Government efforts to restrict budgetary outlay in the new fiscal year to less than Rs4.2 trillion has been dealt a blow after the Lahore High Court (LHC) declared the imposition of electricity surcharges ‘illegal’.
The court ruling has suddenly increased the power subsidies requirement to Rs250 billion and will have far-reaching implications on the country’s relations with International financial institutions, sources in the finance ministry told The Express Tribune on Saturday. The move will also make it difficult for federal authorities to finalise the budget within permissible limits, they said.
Under an agreement with the International Monetary Fund (IMF), the federal government wanted to allocate only Rs91 billion in the new budget to tariff differential subsidies, which bridge the gap between cost of power generation and end-consumer price.
In addition to regular subsidies, the subsidies requirements of the Federally Administered Tribal Areas (Fata), Azad Jammu and Kashmir (AJK), and other special areas amount to roughly Rs30 billion as well, sources said, adding that the government was planning on treating this figure separately in the new budget.
According to sources, next year’s budget has been estimated at below Rs4.2 trillion – as opposed to the original Rs3.936 trillion budget for the outgoing fiscal year. The proposed budgetary outlay is exclusive of foreign loans repayments allocations that are booked as capital expenses.
Given the IMF’s restriction to keep the budget deficit to 4.3% of the GDP or Rs1.315 trillion, the government did not have the luxury to prepare a budgetary outlay of over Rs4.2 trillion, they said.
On Friday, LHC declared the federal government’s move to impose the Equalisation Surcharge, Debt Servicing Surcharge, Universal Obligation Fund Surcharge and Neelum-Jhelum Surcharge ‘unconstitutional and illegal’. The court struck down section 31(5) of the National Electric Power Regulatory Authority (Nepra) Act 1997 under which these surcharges were imposed and ordered the regulator to formulate a mechanism to repay the money to consumers within three months.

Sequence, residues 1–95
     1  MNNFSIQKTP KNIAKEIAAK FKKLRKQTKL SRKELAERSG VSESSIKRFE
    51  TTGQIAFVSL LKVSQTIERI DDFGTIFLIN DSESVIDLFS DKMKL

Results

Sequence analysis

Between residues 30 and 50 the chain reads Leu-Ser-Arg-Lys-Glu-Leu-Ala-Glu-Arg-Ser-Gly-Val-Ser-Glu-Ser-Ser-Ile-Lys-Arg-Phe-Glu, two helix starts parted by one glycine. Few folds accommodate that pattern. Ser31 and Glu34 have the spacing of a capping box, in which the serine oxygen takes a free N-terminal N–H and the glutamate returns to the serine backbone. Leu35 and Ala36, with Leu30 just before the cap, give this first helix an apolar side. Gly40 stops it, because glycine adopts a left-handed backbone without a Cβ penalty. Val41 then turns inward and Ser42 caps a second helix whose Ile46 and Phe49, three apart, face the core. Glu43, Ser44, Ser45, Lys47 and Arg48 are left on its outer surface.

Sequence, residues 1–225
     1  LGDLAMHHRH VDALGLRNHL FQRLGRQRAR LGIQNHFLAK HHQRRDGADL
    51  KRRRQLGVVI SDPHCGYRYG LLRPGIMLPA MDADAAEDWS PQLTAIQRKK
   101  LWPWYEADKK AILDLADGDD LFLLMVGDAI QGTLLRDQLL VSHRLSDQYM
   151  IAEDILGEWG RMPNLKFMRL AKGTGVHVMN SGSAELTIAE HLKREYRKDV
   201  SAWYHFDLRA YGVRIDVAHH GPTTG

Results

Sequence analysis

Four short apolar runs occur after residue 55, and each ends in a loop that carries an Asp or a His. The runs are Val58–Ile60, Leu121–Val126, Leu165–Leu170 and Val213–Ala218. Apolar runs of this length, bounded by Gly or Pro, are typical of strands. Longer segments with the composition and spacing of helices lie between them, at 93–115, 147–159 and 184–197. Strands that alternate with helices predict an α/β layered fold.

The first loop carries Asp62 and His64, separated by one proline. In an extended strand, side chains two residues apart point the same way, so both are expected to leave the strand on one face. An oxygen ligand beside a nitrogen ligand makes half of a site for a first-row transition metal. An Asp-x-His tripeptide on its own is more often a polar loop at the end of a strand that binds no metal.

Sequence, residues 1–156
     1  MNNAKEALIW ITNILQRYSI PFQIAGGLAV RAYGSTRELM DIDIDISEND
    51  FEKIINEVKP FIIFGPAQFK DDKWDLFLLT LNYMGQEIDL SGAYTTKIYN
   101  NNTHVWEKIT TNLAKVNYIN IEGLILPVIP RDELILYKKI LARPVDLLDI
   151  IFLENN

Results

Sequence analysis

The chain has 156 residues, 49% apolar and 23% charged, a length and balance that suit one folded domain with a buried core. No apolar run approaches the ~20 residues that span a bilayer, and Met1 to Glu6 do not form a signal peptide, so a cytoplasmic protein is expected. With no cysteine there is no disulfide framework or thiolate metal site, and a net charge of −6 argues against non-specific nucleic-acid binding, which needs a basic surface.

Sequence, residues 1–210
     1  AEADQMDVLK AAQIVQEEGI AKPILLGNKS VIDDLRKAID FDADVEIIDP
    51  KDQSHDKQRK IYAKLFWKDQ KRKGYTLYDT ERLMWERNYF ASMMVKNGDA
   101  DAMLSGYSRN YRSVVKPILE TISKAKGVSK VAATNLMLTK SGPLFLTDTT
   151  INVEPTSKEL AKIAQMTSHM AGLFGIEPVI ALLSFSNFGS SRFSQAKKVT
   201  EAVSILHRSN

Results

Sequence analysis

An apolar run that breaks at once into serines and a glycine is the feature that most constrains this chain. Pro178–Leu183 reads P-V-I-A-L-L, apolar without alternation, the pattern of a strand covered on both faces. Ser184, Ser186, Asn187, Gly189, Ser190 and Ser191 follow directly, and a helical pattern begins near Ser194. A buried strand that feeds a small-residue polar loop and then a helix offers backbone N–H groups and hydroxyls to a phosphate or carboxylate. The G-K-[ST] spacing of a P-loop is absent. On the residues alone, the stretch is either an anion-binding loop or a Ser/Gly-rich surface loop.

The collective impact of these four separate surcharges is Rs2.07 per unit. After reduction in the overall cost of generation under the new tariffs, the net impact of declaring the surcharges illegal will be Rs1.54 per unit, which translates into an additional burden of Rs138.6 billion on the budget, sources said.
Booking these expenses onto the budget would be in breach of the IMF agreement, according to sources. If the government booked the additional subsidies’ requirements, the size of the budget would cross Rs4.3 trillion, violating the budget deficit ceiling limit of 4.3% of the GDP. As a result, the budget deficit would be close to 4.8% of the GDP or Rs1.47 trillion, they added.
The finance ministry would not book these expenditures in the budget and try to seek a restraining order from the Supreme Court by early next week, sources said. It wants to challenge the decision at the earliest to avoid changing budgetary estimates.
Sources said the LHC decision will also affect $900 million in loans that the World Bank and the Asian Development Bank plan to give for energy sector reforms before end-June. Failure to get these loans will have adverse implications on Net International Reserves (NIR) requirements for April-June period.
Published in The Express Tribune, May 31st, 2015.